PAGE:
It was St. Patrick’s Day, 2019. The daylight at The Stadium Course at TPC Sawgrass fittingly would end with a Northern Irishman in celebration. Rory McIlroy, still in his 20s – he was seven weeks away from turning 30 – had outlasted the strongest field in golf to win The Players Championship, the signature event on the PGA Tour.
Two years later, he’s finally ready to defend his title. For real this time.
It wasn’t by choice that his wait has been so long. A year ago at the Stadium Course, McIlroy shot an even-par 72 in the first round. Not the score he was hoping to produce to begin his expected title defence, so he left the course that afternoon looking forward to a rebound round the next morning.
With an early tee time, he went to bed before the breaking news came down that Thursday night – The Players Championship was being canceled due to the COVID-19 outbreak, a pandemic that would eventually shut down competitive golf for the ensuing three months.
McIlroy awoke that Friday morning, jumped in the shower – he didn’t even look at his phone – got dressed in his scripted outfit for the day and was about to walk out the door. That’s when he finally decided to check his text messages – and saw the one sent to all players by the PGA Tour.
“I was like, ‘Oh, guess we’re not playing today,’” McIlroy recalled. “I probably found out a little later than most.”
He changed back into casual clothes, went to TPC Sawgrass to pick up his belongings, then made the four-hour drive to his home in Jupiter, Florida. Everything was about to change.
So now it’s a year later. Vaccines are being distributed. Hope is in the air. And McIlroy is still the reigning champion of The Players Championship. It’s a unique situation, but on the flip side, there is a certain comfort in the normalcy of being back at TPC Sawgrass and wanting desperately to defend his title.
The pressure is there, as it is with all title defenders. The Stadium Course still does not play favorites. McIlroy knows he must be in top form if he wants to become just the sixth two-time winner of The Players, a feat last accomplished by Tiger Woods. Doesn’t matter if it’s 12 months or 24 months later – McIlroy hopes to make a good accounting of himself.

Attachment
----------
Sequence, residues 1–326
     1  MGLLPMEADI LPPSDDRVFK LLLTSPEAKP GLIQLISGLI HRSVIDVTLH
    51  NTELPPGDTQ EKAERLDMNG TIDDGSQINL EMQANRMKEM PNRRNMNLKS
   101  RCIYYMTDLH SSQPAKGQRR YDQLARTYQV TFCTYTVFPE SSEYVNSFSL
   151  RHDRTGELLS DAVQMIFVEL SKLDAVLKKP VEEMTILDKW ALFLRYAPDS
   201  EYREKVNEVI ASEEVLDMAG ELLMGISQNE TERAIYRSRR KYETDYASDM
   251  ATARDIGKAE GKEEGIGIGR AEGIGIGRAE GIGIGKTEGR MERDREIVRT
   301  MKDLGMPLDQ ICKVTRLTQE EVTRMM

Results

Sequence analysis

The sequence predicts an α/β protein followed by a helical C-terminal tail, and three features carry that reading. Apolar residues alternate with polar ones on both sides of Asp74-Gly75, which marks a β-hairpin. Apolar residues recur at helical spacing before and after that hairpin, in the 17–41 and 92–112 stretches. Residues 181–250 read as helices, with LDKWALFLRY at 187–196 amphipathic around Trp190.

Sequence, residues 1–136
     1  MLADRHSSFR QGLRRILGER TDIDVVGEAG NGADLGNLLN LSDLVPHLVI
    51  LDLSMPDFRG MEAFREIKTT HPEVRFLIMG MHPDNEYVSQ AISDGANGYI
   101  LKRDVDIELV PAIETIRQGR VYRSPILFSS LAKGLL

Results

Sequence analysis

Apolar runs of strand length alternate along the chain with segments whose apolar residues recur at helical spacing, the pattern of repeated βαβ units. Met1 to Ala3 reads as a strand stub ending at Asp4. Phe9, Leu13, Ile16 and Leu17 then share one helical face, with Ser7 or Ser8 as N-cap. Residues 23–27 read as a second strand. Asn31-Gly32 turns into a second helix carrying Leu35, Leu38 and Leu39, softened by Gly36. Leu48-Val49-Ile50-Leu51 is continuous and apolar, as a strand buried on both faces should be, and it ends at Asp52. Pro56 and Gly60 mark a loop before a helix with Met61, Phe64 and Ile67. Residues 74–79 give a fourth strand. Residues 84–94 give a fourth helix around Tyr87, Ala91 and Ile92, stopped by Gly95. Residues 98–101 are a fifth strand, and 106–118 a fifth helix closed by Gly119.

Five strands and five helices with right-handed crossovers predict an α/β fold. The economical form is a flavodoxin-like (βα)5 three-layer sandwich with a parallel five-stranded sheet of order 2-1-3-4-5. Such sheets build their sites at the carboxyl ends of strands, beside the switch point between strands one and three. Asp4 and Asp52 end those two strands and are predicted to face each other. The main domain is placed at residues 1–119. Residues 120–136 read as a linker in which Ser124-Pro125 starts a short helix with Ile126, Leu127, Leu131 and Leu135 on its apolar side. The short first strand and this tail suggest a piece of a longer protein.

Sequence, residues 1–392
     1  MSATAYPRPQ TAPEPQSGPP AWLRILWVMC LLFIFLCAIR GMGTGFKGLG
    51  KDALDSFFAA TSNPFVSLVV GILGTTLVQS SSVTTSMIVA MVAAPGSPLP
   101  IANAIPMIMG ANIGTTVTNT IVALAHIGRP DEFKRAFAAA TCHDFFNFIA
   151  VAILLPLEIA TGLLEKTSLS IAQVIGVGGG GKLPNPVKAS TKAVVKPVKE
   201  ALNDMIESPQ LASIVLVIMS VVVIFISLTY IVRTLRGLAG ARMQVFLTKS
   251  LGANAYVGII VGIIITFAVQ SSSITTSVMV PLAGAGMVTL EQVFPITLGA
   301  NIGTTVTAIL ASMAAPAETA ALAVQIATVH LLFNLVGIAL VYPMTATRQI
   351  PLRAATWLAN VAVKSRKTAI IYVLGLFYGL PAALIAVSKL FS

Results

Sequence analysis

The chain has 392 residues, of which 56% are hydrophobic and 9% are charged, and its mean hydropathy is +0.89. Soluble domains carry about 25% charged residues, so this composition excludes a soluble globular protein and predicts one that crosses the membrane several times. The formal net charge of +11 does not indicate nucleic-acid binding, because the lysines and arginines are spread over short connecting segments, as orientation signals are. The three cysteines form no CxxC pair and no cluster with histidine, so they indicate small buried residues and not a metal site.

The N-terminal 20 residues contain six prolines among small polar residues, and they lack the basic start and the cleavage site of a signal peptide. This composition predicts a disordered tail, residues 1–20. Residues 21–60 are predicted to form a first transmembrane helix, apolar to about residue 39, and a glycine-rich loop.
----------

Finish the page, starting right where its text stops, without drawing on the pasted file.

Of course, the 12 months immediately following his Players Championship victory were more productive than these first 12 months of COVID.
Following his win at TPC Sawgrass, McIlroy won three more times in his next 18 worldwide starts, including the 2019 FedExCup title during the Tour Championship at East Lake. His final win of the year was the World Golf Championships-HSBC Champions event in Shanghai, China. After that, he reeled off top-5 finishes in his ensuing six starts, moving him to World No.1 going into The Players in 2020. He was the hottest player in the world, and its most consistent.
Then the pandemic. Three months of non-competition. When the players came back … everything was different. No fans on site, adhering to local restrictions and common sense. Protocols for testing and other safety measures. The new normal.
And when McIlroy came back? Well, everything was definitely different for him too. All his momentum had been lost. In his first eight starts after the Tour resumed play, McIlroy’s best finish was a tie for 11th at the Travelers Championship. It wasn’t until his last start of the calendar year – the Masters Tournament that had been rescheduled to November – did he manage his first top-five finish in the restart.
In his first five starts of 2021, he has a couple of top-10s, a couple of top-20s and a missed cut. The McIlroy of 2019 has yet to return, though. It’s been 24 starts since his last win. Inside the ropes, he’s standing over the ball 5 to 10 seconds longer than usual. A sign of indecisiveness that’s not good for any golfer, especially when competing against the world’s best players.
“There’s quite a lot going through my head,” McIlroy said. “You can’t play golf like that. It doesn’t need to be perfect – and I realise that – but you just want your bad shots, your bad swings, to not be destructive.
“Over the past few weeks, those bad swings have just been a little too destructive and put me in some bad positions. So I need to play with more freedom and I need to be able to swing away.”
He’s been working hard on the range, hoping to solve the “spinny cuts” that have infiltrated his swing. Unlike past issues when his swing has become too shallow, this time his swing is too steep. “A very different pattern than what I’m used to,” he said.
Thus, he can’t lean on old solutions but must find new ones – all the while making sure not to neglect the other parts of his game. And with a schedule jam-packed with must-starts, there’s little down-time to string together practice days with long-time coach Michael Bannon.
“I’d love to just go and immerse myself in it for like two or three weeks and get it done,” McIlroy said, “but with the schedule, it just isn’t going to work like that. It’s just going to be a process over the next few months to tease it back into the place I want it to get to.”
No worries. After two years of waiting and waiting, McIlroy finally arrives as reigning champ at TPC Sawgrass, where McIlroy has become quite used to matters involving patience.
- Mike McAllister